Columbian Windflower

Columbian windflowers (Anemone deltoidea) were growing prolifically in May along the South Fork Trail at Prairie Creek National/State Redwood Park in Northwest California.

A member of the Buttercup Family (Ranunculaceae), Columbian windflowers are native perennials found in California, Oregon and Washington. Their ecology is moist forests and glades from low to mid elevations.

The plant grows from slender, creeping rhizomes. The single, basal leaf has three egg-shaped leaflets that are deeply and coarsely toothed. The three sessile (no stalk) stem leaves form a whorl below the flower. Columbian windflower flowers occur singly on long stalks and have 5 white, petal-like sepals, no true petals and many stamens. The fruits are plump achenes (dry, containing a single seed), hairless above and hairy on the lower portion.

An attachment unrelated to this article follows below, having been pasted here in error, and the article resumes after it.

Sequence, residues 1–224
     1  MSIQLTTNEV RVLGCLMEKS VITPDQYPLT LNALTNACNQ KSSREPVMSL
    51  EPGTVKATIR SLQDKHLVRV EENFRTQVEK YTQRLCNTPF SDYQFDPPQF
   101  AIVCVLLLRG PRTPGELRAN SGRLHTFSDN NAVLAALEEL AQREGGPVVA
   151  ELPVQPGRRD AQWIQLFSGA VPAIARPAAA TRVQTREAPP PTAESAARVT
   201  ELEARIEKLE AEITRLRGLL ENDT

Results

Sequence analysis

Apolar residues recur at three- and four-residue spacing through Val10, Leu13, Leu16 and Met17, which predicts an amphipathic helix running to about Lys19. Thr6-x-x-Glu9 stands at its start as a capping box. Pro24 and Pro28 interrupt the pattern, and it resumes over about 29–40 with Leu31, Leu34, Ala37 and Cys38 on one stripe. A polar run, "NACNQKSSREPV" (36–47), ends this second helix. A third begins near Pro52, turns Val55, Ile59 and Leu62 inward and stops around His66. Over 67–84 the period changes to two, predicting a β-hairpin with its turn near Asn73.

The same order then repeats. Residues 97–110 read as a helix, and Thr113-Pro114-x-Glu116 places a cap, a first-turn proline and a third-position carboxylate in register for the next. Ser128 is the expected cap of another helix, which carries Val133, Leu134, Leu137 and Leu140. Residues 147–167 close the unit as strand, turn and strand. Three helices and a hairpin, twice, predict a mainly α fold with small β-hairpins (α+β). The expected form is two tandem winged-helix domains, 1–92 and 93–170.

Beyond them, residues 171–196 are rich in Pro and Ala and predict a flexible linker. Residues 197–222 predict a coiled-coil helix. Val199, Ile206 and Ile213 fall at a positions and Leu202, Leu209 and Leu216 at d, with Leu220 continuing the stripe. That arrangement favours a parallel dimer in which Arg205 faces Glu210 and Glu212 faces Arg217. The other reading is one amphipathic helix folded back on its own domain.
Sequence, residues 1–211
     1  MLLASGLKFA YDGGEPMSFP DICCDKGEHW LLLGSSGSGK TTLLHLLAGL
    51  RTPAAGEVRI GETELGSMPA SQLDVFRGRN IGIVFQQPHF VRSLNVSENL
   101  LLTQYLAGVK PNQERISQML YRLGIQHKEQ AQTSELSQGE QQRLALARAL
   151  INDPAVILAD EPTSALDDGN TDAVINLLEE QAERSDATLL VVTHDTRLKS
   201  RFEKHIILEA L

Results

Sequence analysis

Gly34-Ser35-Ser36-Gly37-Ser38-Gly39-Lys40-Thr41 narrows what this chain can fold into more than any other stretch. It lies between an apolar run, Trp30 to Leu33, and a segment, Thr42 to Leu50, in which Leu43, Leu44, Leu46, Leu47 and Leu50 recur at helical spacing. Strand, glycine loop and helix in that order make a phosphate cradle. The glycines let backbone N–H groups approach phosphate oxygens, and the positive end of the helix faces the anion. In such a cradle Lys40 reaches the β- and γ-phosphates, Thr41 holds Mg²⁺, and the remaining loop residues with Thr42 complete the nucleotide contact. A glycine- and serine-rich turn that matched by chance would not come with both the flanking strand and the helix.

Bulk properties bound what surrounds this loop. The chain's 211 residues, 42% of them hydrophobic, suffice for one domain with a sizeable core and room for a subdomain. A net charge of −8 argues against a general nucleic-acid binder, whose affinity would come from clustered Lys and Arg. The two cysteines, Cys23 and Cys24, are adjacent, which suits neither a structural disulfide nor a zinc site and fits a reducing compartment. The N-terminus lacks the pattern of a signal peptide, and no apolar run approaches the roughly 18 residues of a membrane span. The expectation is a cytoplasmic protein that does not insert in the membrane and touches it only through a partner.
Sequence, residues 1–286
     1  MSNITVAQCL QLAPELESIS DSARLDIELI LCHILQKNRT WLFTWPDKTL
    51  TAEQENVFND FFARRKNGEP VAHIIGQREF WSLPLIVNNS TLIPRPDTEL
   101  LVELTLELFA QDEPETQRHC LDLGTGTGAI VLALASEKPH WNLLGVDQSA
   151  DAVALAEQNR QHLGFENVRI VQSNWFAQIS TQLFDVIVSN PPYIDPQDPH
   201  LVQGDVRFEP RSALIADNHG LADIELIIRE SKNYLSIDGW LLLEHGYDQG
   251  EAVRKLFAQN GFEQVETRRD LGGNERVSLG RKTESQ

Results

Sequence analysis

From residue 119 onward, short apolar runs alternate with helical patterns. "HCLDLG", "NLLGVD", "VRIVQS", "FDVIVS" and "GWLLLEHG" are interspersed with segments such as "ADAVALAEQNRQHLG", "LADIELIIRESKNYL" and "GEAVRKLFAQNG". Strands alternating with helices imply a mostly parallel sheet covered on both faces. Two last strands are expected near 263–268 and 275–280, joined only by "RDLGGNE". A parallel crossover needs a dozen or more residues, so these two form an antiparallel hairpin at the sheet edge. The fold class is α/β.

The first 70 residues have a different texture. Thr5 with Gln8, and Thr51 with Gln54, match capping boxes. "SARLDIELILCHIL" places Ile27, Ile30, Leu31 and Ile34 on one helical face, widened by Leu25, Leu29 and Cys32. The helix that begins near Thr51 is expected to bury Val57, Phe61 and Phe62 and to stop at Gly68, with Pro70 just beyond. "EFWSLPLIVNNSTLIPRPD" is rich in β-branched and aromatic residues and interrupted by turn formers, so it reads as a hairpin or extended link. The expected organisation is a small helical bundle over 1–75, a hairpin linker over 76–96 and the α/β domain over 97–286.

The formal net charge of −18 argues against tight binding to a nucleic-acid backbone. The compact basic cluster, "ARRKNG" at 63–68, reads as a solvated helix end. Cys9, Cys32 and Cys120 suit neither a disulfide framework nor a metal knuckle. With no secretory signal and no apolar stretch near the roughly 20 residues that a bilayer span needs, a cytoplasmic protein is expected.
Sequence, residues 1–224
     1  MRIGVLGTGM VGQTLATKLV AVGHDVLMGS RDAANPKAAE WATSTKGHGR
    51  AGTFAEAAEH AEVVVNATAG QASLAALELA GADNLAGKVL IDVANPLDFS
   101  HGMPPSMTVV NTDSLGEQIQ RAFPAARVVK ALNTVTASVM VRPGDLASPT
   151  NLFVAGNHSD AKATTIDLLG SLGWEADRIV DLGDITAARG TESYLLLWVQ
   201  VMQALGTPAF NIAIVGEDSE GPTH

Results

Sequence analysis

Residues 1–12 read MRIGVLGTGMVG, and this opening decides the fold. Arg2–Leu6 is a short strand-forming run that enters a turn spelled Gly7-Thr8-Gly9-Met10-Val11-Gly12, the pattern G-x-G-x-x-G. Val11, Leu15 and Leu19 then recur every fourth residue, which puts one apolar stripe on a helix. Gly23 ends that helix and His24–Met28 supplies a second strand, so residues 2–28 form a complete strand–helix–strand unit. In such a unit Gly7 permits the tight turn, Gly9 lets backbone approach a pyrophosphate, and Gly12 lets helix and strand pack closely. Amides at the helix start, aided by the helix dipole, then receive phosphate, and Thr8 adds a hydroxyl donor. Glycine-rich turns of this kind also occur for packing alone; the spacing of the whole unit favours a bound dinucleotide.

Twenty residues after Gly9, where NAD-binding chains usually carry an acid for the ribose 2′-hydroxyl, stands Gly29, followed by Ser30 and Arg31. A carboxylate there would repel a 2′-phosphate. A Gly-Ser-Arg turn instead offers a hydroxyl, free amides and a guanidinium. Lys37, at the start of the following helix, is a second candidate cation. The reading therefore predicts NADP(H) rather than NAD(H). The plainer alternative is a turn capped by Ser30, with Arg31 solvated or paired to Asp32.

Columbian windflowers are also commonly known as three-leaved anemone and western white anemone. They have minor toxicity and can cause contact dermatitis in some people when handled.

A carpet of Columbian windflowers provides a bright spot in deep shade while hiking through the redwoods.

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1 Response to Columbian Windflower

  1. tonytomeo says:

    Wildflowers that live with redwoods seem to look like they belong with redwoods, don’t they? Perhaps it is because I am accustomed to seeing them with redwoods. I do not know, but it seems to me that exotic plants always look exotic with redwoods.


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